Holothyrans, ticks and mesostigmatic mitesDavid Evans Walter
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The Parasitiformes is one of the three major lineages of chelicerate arthropods that are called mites. Ticks are among the most economically important parasitiform mites, but numerous Mesostigmata, especially in the Dermanyssoidea are also debilitating parasites of mammals, birds, and reptiles. The phytoseiid mites used in biological control belong to the Mesostigmata, as do numerous species of predators that inhabit soil-litter systems. Currently, both the Ixodida (ticks) and Holothyrida consist of three families; the Mesostigmata contains approximately 70 family-level taxa.
Parasitiform mites have free coxae, a ventral anal opening covered by a pair of plates, corniculli on the hypostome (lost in ticks), a sclerotised ring surrounding the gnathosoma (capitulum), and usually a biflagellate tritosternum (lost in ticks, many holothyrids, and some parasitic Mesostigmata).
The hypothesis by Lehtinen (1991) supports a sistergroup relationship between Holothyrida and Ixodida; however, other acarologists have suggested that ticks and Mesostigmata are sistergroups. Phylogenetic analyses addressing the proper placement of ticks are underway in Queensland and Ohio.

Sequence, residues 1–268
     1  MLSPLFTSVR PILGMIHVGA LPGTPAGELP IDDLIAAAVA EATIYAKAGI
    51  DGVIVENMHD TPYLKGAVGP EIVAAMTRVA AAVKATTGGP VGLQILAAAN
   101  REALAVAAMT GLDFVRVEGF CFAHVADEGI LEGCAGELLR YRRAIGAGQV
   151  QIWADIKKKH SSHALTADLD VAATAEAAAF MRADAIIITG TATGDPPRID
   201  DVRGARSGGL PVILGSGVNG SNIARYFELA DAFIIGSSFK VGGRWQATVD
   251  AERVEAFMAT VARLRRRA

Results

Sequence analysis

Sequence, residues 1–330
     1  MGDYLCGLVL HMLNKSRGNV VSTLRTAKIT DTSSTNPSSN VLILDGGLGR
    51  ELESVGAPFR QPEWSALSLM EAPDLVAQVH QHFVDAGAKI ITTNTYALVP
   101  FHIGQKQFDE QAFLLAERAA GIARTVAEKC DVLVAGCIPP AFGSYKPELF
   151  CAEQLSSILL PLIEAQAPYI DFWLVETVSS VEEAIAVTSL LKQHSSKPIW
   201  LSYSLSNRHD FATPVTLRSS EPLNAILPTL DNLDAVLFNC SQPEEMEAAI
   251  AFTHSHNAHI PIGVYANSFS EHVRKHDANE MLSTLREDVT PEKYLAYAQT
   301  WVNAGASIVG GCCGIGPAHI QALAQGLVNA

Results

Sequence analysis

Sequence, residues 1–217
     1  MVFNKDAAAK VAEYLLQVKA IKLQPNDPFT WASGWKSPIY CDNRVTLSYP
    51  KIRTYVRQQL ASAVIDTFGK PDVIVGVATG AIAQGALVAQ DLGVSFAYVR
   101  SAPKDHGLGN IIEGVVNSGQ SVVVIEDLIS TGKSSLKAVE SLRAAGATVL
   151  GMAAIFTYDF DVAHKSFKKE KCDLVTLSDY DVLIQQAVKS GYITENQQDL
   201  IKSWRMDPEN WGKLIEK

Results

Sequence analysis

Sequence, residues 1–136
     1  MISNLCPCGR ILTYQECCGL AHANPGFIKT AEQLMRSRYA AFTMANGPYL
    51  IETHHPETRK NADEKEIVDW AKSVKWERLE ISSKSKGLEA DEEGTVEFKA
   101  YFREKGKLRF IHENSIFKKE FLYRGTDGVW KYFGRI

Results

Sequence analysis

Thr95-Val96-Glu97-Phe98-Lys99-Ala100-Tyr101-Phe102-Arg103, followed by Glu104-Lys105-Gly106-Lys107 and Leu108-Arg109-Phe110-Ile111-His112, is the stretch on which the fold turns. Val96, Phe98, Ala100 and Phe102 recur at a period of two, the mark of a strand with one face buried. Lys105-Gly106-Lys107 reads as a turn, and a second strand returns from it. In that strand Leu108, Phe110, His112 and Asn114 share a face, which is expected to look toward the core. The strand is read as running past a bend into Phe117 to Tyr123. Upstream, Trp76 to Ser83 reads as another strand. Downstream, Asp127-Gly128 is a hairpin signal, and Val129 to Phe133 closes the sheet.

Lehtinen, P.T. 1991. Phylogeny and zoogeography of the Holothyrida. In: Dusabek, F. and Bukva, V. (eds.) Modern Acarology, Volume 2. SPB Academic Publishers, The Hague, pp. 101-113.
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- First online 13 December 1996
- Content changed 13 December 1996
Citing this page:
Walter, David Evans. 1996. Parasitiformes. Holothyrans, ticks and mesostigmatic mites. Version 13 December 1996 (under construction). http://tolweb.org/Parasitiformes/2566/1996.12.13 in The Tree of Life Web Project, http://tolweb.org/